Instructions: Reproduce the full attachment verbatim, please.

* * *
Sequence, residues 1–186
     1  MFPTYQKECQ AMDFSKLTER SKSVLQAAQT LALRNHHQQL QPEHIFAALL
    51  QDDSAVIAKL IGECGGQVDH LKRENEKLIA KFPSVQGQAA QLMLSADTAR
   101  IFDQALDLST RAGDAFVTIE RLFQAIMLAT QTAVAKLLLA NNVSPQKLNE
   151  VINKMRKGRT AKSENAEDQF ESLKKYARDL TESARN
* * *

Sequence, residues 1–186
     1  MFPTYQKECQ AMDFSKLTER SKSVLQAAQT LALRNHHQQL QPEHIFAALL
    51  QDDSAVIAKL IGECGGQVDH LKRENEKLIA KFPSVQGQAA QLMLSADTAR
   101  IFDQALDLST RAGDAFVTIE RLFQAIMLAT QTAVAKLLLA NNVSPQKLNE
   151  VINKMRKGRT AKSENAEDQF ESLKKYARDL TESARN